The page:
The Board Manager tool uses automation to keep track of online application and to track terms and vacancies on boards and commissions. The platform alleviates much time and labor spent collecting and tracking vacancies and applications for new appointments.

As an added benefit, council members can access their digital programs on any mobile device, making them a convenient option that’s also highly secure.

  1. Post Meeting Activities

When municipal meetings are over, there is still work to be done. Clerks need to post the meeting minutes. For councils that use digital software, clerks can post council meeting minutes online as soon as they have formal approval.

Clerks or the presiding officer will need to monitor follow-up tasks. To make things easier, clerks can set up board portals to automate post-meeting tasks. In addition, council members will need to loop back and discuss needed changes with staff. An occasional post-council meeting survey to get public feedback will tell council members how well the meeting ran and where they can improve.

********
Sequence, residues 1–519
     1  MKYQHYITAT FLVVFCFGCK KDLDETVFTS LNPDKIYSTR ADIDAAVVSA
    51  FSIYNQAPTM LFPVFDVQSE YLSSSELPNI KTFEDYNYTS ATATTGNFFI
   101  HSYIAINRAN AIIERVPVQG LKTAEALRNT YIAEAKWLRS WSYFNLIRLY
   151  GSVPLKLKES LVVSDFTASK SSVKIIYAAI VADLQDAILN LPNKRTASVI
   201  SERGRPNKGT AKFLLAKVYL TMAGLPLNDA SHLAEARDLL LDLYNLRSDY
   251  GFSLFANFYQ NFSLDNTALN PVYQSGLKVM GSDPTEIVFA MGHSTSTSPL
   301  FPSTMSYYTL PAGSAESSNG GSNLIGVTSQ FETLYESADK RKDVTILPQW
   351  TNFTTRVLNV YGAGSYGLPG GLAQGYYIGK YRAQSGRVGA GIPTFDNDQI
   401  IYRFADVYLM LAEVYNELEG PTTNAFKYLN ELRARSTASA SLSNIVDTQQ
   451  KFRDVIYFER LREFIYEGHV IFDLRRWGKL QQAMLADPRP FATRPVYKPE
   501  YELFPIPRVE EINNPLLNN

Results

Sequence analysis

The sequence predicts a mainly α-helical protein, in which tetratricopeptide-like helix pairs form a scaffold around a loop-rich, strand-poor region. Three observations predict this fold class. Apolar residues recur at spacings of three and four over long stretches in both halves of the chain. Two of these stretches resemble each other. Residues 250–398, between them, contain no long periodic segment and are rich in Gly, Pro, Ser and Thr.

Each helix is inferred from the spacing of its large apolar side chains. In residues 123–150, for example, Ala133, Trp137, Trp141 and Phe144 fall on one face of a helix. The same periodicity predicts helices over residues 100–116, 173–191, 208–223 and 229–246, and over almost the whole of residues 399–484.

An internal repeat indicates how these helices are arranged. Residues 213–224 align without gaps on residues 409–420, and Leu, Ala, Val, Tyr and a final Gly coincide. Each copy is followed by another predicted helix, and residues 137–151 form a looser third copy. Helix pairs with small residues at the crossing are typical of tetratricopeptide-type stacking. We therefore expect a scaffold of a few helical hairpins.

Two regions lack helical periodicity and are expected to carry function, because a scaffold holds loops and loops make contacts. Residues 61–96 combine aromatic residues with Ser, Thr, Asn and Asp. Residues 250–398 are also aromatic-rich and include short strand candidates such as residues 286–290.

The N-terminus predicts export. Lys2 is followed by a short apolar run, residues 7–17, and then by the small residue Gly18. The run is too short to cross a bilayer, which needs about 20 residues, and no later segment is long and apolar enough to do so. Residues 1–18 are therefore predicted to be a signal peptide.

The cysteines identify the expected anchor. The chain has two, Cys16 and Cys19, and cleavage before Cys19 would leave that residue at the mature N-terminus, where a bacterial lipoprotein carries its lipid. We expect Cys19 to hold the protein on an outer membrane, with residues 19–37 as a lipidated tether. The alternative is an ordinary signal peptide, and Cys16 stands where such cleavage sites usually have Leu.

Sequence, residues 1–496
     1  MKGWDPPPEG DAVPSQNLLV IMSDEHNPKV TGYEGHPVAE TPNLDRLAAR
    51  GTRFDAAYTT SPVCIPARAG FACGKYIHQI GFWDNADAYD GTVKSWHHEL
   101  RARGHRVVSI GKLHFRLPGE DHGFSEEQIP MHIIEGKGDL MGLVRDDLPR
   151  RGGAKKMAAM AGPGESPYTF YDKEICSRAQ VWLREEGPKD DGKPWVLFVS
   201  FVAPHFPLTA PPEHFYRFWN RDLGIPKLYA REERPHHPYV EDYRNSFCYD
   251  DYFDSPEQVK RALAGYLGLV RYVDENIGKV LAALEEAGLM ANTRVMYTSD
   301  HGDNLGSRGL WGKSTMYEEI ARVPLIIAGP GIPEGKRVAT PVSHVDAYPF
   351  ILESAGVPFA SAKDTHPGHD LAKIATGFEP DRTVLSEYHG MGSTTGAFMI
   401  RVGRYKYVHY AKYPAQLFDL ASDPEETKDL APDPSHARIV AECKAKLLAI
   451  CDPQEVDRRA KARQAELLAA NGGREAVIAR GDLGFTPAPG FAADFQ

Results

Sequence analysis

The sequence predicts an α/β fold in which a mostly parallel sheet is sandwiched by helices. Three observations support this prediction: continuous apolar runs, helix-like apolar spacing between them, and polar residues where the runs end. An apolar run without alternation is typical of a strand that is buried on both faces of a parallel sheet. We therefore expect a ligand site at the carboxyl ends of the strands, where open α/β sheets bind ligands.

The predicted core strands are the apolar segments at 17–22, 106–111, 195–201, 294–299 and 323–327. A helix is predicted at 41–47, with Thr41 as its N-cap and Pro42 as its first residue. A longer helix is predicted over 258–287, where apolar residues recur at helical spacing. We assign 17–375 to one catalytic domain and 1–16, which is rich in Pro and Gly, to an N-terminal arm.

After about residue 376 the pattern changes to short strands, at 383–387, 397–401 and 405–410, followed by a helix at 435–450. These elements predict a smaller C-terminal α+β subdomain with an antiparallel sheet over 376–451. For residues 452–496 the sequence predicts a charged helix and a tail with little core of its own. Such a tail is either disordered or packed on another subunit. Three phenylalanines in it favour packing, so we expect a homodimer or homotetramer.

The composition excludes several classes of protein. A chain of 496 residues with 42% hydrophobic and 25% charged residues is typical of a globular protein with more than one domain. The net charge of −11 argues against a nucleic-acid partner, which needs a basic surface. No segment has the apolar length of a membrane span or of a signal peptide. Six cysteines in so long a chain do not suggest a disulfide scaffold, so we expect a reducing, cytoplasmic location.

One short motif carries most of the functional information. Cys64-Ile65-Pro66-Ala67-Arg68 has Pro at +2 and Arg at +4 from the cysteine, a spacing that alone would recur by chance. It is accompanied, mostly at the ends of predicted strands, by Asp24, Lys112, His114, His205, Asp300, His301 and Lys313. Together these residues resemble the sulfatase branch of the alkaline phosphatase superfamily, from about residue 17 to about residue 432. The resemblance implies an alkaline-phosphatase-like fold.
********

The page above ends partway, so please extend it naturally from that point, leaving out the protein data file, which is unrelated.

Running local government successfully is hard work. City officials know that it requires serious commitment, time and knowledge on their part, so they need municipal meetings to run smoothly and to be as productive and efficient as possible. Technology helps to streamline processes, improve internal and external communications, and help councils function as efficiently as possible.

Related Insights
Lena Eisenstein
Lena Eisenstein is a former Manager at Diligent. Her expertise in mission-driven organizations, including nonprofits, school boards and local governments, centers on how technology and modern governance best practices empower leaders at these organizations to serve their communities with efficiency and purpose.